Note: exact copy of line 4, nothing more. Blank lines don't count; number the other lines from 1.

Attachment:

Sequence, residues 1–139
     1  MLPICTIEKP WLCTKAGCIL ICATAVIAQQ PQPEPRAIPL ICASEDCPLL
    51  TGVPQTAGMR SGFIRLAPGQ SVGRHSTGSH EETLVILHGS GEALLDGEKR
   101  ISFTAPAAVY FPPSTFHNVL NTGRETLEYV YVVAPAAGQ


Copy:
   101  ISFTAPAAVY FPPSTFHNVL NTGRETLEYV YVVAPAAGQ